13. 13. Frost Sullivan Figure 5: VTOL UAS Applications Overview for Defence Security The volatility of the Middle Eastern region, and the need to protect the critical oil reserves, boosted by the recent relaxation of US regulations in selling unmanned systems to the region has lead to the procurement drive for UAS. Research indicates a move towards procurement of VTOL UAS aimed at maritime patrol and law enforcement requirements. Withdrawal from Afghanistan will temporarily temper the demand for procurement of new technologies / products such as the VTOL UAS in both US and European markets. However, this is mainly expected to last over the current decade, which can be considered as platform validation phase for VTOLs across multiple end-users and applications. Figure 6: Total VTOL UAS (Military) by Region (cumulative units), Global, 2011-2020 +,) ,$ $**) $* () !# # !# !#
  14. 14. # # Source: Frost Sullivan analysis The VTOL UAS markets in the US and Europe are expected to experience a boom post 2020, when the existing fleet of UAS is expected to be upgraded or changed, giving way for a mixed fleet of FW and RW UAS complimenting the manned platforms. 13 frost.com
  15. 15. Frost SullivanFigure 7: Total VTOL UAS (Militar y) by Region (Units- Planned /Anticipated Programs), Global, 2011-2020 The experience gained () in the new markets is expected to contribute (+ towards the validation and eventual adoption ,) of VTOL UAS in the VTOL UAS (units) wider markets. ,+ *) *+ ) + ,+** ,+*, ,+*( ,+*$ ,+*) ,+* ,+* ,+*% ,+* ,+,+ !# # !# !#
  16. 16. # # Source: Frost Sullivan analysisPlease note that the above forecast includes planned and anticipated UAS systems asof 2011. The forecast considers VTOL UAS within the following classifications; - Range (km): up to 200 - Altitude (ft): up to 20,000 - Endurance (hrs): 5-8 - Weight (kg): up to 1430The current market might present a fragile outlook, with most VTOL solutions indevelopment stage. Frost Sullivan anticipates that the industry and the end-userswould overcome the interim challenges - technical, regulatory, and operational overthis decade. Frost Sullivan envisages that the desire to modernise the armedforces, and plans to enhance the in-country capabilities, especially in emergingcountries such as India and Brazil will drive procurement of VTOL UAS in bothdefence and security domains. Recent procurements in the Middle East indicate, inthe short to midterm, a greater potential for uptake of such technologies, incomparison to the western nations.This is mainly due to the ongoing economic crisis, and somewhat higher importanceto regulatory frameworks in the western nations. The experience gained in the newmarkets is expected to contribute towards the validation and eventual adoption ofVTOL UAS in the wider markets. frost.com 14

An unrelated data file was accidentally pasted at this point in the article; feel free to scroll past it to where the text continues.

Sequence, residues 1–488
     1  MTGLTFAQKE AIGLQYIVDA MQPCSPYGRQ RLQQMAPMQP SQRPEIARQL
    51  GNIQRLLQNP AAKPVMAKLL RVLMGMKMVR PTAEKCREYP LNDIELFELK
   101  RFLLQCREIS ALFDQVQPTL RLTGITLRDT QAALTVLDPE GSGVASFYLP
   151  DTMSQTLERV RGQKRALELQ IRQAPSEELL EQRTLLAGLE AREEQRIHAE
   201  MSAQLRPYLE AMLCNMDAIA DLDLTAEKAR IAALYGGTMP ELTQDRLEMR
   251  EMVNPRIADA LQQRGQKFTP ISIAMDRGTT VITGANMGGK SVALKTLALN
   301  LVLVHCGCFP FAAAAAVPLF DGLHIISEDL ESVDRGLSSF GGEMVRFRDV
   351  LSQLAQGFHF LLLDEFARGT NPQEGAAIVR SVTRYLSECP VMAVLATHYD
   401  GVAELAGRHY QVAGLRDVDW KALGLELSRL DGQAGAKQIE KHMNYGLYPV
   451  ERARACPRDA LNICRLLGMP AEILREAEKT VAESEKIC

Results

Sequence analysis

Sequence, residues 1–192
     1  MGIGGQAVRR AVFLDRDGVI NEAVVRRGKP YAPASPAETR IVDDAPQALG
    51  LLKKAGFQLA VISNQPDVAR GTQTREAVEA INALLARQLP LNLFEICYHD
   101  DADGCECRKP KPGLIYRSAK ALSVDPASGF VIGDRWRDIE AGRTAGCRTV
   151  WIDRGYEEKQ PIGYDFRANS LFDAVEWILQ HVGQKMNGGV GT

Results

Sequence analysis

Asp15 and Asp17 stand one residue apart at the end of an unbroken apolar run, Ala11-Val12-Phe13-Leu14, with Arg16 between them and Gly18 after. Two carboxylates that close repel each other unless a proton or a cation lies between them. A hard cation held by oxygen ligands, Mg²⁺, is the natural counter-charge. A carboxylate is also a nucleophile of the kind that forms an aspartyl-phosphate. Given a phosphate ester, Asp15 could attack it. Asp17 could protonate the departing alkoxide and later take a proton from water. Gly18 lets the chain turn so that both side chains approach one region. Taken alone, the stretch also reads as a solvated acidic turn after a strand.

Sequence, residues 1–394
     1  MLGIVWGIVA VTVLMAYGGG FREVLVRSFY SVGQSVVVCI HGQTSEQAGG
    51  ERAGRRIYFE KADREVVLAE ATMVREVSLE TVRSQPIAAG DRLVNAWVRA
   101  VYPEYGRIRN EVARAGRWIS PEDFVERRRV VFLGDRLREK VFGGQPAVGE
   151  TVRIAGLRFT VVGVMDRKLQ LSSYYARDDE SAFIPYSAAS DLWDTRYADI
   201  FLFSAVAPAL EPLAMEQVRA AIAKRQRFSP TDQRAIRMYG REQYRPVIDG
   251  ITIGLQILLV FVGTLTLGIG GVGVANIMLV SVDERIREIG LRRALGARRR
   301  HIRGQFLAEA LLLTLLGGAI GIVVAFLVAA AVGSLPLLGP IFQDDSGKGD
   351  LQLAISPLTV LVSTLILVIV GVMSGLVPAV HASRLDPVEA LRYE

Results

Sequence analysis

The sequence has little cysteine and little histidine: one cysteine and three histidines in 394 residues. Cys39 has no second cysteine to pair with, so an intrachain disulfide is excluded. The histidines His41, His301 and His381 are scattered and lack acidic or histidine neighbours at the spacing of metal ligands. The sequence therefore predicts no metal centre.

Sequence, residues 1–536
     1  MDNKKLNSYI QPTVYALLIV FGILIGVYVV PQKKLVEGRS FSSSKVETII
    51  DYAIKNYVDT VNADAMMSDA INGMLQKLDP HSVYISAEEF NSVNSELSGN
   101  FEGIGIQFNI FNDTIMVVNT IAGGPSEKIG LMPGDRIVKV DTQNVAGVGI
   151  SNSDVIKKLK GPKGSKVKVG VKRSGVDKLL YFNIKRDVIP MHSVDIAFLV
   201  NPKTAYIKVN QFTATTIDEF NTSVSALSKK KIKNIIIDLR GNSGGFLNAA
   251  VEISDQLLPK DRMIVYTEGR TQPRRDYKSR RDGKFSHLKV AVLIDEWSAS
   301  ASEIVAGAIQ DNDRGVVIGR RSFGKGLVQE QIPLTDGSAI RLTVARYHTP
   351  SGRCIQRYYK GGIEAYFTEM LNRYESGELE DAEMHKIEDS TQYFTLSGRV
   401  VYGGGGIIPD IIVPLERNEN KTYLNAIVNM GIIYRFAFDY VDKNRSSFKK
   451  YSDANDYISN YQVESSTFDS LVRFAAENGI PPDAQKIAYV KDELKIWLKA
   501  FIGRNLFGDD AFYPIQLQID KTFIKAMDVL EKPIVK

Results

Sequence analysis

17. 17. Frost Sullivan The figure below presents the global demand for VTOL UAS in the long-term. Figure 8: Global Demand Map for VTOL UAS High Demand Markets ( 20 VTOL Systems) Medium Demand Markets (5 20 VTOL Systems) Low Demand Markets ( 5 VTOL Systems) Source: Frost Sullivan analysis 3. AN ASSESSMENT: ADOPTION OF VTOL IN DEFENCE SECURITY 3.1. Operational factors impacting adoption of VTOLs Prohibitive Frameworks Impeding Adoption When it comes to regulations and operational standards, including integration into the Civil airspace, VTOLs are up against similar challenges to that of the FW UAS. Current regulatory frameworks limit the deployment of UAS in most missions pertaining to security domain. VTOLs could have a slight advantage in this context wherein they are deployed in localised areas, in a segregated space. In context of Military operations, where most missions are within segregated space, the impact of regulations is somewhat limited. However, defence and security applications in some regions interface seamlessly, especially when considering border surveillance and coastal patrolling. In such markets it is crucial that the key regulations are defined prior to adoption of UAS into active service. In consideration of these limitations, most civil applications are, as of today, based on VLOS (Visual Line of Sight) missions. However, it is anticipated that the ongoing industry efforts, mostly in Europe and the US, will lead to much defined regulatory framework when it comes to operating UAS in civilian airspace. Frost Sullivan research indicates a potential adoption of such guidelines around 2017. When it comes to certification, the ongoing work within this area is promoting the adoption of most (relevant) certifications that are applicable for manned platforms. However, when considering the UAS systems, the certification process becomes more complicated. 15 frost.com